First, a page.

If there are meaningful discrepancies between the Closing Disclosure and Loan Estimate and the final mortgage terms have changed or increased significantly, then ask the lender for an explanation as this could be a sign that you are getting ripped off. You should cancel (also known as rescind) the mortgage if you are not satisfied with the lender’s explanation and the discrepancies cannot be resolved. You can cancel your mortgage up to three business days after you sign loan documents and you are free to work with a different lender. Although you may be out non-refundable costs such as your appraisal fee and certain lender fees, canceling a bad mortgage will save you much more money over the life of the loan.

For a refinance, you can cancel your mortgage up to three business days after signing loan documents and then you are free to work with a different lender; however, we recommend that you do not sign your loan documents if you identify any significant issues or discrepancies.  For a purchase mortgage you cannot cancel your mortgage after you sign loan documents.

One way to avoid potential negative surprises is to lock your mortgage. That way, all key terms and costs are agreed to by you and the lender at the start of the process and remain unchanged through the closing of your refinance.

Page-By-Page Breakdown of Closing Disclsoure

The Closing Disclosure contains much of the same information as the Loan Estimate although the information is presented in a somewhat different layout. We summarize each page of the Closing Disclosure below.

Page 1 of the Closing Disclsoure
Page 2 of the Closing Disclosure
Page 3 of the Closing Disclosure
Page 4 of the Closing Disclosure
Assumption
  • Indicates if you can transfer the mortgage to a third party without permission of the lender
Demand Feature
  • If your loan has a demand feature, the lender can require the borrower to pay off the mortgage before the end of the mortgage term under specified circumstances
Escrow Account
  • Indicates if the borrower has an escrow account (also called an impound or trust account) and the costs for the items included in the account
  • Some borrowers are required to pay certain monthly expenses such as homeowners insurance and property tax into an escrow account on a monthly basis along with the mortgage payment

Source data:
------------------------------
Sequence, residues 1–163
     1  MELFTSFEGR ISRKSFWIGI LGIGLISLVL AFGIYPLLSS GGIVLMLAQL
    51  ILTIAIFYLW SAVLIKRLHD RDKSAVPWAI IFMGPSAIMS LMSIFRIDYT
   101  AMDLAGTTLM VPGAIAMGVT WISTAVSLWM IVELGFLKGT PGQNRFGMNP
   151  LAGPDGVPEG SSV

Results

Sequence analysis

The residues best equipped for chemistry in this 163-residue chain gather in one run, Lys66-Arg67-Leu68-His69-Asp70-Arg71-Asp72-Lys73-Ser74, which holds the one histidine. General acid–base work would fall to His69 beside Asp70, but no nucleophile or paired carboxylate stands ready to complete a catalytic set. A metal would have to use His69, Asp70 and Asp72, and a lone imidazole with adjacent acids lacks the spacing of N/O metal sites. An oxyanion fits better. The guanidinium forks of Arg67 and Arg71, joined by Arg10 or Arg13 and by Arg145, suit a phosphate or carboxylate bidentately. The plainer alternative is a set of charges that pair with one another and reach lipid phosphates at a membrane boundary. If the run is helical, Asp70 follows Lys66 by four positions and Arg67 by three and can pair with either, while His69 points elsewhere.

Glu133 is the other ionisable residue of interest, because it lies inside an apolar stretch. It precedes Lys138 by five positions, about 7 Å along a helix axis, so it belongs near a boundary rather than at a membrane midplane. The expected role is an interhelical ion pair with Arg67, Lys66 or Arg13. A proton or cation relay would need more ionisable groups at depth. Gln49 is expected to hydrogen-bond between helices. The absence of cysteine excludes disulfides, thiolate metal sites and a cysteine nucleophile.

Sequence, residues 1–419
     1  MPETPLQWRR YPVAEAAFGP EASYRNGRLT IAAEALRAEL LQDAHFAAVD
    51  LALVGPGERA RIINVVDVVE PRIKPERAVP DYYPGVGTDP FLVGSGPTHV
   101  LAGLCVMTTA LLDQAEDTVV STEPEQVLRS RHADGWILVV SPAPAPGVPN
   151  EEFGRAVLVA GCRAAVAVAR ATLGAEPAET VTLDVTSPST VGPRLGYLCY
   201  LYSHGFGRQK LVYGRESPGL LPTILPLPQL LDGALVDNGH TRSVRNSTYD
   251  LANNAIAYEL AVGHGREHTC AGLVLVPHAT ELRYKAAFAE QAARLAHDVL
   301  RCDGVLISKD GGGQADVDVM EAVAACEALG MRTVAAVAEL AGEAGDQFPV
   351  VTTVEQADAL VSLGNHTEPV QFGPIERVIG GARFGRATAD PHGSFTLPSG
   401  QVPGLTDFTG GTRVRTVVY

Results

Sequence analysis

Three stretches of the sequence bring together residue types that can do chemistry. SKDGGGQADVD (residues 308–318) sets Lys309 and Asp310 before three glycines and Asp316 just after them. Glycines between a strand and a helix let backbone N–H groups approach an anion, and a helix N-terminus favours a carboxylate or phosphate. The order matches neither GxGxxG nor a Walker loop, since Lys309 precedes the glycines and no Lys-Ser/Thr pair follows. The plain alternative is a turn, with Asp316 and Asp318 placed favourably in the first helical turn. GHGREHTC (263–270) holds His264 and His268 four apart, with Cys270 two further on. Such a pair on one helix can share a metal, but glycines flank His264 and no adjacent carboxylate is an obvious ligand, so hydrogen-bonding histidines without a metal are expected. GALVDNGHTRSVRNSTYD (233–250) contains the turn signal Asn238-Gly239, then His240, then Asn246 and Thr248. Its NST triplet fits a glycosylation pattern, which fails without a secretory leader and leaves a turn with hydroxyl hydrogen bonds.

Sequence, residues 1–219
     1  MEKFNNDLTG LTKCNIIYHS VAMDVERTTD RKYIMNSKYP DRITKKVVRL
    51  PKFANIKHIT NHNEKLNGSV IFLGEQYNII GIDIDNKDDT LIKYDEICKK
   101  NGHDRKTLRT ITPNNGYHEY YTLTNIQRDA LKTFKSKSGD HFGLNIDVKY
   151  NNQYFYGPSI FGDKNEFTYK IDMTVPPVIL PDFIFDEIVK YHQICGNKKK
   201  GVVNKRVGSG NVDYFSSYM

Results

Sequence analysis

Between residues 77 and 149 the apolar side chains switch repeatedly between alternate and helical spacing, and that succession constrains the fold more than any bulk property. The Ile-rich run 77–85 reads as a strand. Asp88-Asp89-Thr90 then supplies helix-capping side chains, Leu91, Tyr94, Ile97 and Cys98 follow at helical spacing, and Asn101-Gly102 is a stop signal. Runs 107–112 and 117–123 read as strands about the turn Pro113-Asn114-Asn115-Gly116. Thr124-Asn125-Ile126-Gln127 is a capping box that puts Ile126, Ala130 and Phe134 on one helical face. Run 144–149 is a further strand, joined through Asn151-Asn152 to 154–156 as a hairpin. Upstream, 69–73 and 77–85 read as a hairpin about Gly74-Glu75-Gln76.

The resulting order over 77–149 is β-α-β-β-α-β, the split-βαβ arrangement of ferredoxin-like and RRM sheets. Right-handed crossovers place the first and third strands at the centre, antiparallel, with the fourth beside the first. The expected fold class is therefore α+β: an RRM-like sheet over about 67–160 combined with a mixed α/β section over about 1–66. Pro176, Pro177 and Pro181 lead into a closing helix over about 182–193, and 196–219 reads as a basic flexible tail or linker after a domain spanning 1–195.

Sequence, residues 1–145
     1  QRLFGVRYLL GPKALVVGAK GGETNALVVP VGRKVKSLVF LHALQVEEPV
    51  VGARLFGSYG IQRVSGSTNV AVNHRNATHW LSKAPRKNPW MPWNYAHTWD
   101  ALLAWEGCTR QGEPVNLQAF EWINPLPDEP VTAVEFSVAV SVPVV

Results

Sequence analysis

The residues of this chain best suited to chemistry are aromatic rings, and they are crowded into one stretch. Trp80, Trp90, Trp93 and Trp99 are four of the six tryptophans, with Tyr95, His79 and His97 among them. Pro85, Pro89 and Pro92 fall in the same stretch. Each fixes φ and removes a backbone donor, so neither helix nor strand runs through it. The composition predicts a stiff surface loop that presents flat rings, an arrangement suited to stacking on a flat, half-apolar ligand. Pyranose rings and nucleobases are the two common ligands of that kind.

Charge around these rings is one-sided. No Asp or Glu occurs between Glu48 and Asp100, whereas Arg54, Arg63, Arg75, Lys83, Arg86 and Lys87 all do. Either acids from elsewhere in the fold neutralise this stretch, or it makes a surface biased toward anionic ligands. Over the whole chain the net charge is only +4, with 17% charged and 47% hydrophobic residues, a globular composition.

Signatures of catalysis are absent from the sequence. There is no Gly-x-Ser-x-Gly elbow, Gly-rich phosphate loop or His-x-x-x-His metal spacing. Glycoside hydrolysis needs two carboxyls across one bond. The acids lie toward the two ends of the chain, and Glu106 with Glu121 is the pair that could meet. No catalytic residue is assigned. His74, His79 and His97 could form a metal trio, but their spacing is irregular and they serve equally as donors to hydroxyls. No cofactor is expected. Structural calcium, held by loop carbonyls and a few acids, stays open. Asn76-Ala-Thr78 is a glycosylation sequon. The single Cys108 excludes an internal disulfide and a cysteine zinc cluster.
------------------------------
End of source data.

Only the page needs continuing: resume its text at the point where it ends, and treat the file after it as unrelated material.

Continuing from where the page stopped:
Late Payment
  • Indicates when your monthly mortgage payment is considered late (how many days) and what the penalty is
Negative Amortization
  • Indicates if your mortgage balance can negatively amortize, or increase, over the term of your mortgage
  • Most mortgage do not negatively amortize
Partial Payments
  • Indicates if your lender accepts partial mortgage payments
Security Interest
  • Indicates the property used as security for the mortgage
  • If you do not make your mortgage payments you could lose this property
Page 5 of the Closing Disclosure
Total of All Payments
  • The total of all scheduled payments that you will pay over the term of your mortgage (total interest, principal, mortgage insurance and mortgage costs)
Finance Charge
  • The amount of money the mortgage will cost the borrower over the term of the mortgage
  • The total of all scheduled interest payments plus all lender costs
Amount Financed
  • The mortgage amount available to the borrower after paying any upfront finance charge
  • This figure typically matches your mortgage amount
Annual Percentage Rate (APR)
  • In short, the APR represents what your mortgage interest rate would be if it included all up-front lender and closing costs, such as points and origination and processing fees, in addition to interest expense
  • The APR provides another way for you to review and compare mortgage fees
  • If the APR is close to your interest rate then you know that the lender and mortgage costs are relatively small. If the APR is much higher than your interest rate then you know that the lender and mortgage costs are relatively high and you may want to negotiate lower costs or change lenders
  • We provide a comprehensive explanation and example of the APR on FREEandCLEAR
Total Interest Percentage (TIP)
  • Indicates the the total amount of interest that you will pay over the mortgage term as a percentage of your loan amount
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Current Refinance Mortgage Rates in Ashburn, Virginia as of August 5, 2021
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Data provided by Brown Bag Marketing, Inc. Payments do not include amounts for taxes and insurance premiums. Read through our lender table disclaimer for more on rates and product details.

Sources

"Mortgage Disclosure Rule."  Consumer Protection Topics - Mortgages.  Federal Deposit Insurance Corporation, January 8 2018.  Web.

About the author
Harry Jensen, Mortgage Expert

Harry is the co-founder of FREEandCLEAR. He is a mortgage expert with over 45 years of industry experience. Over his career, Harry has closed thousands of loans for satisfied borrowers and now offers his advice and insights on FREEandCLEAR.  Harry is a licensed mortgage professional (NMLS #236752). More about Harry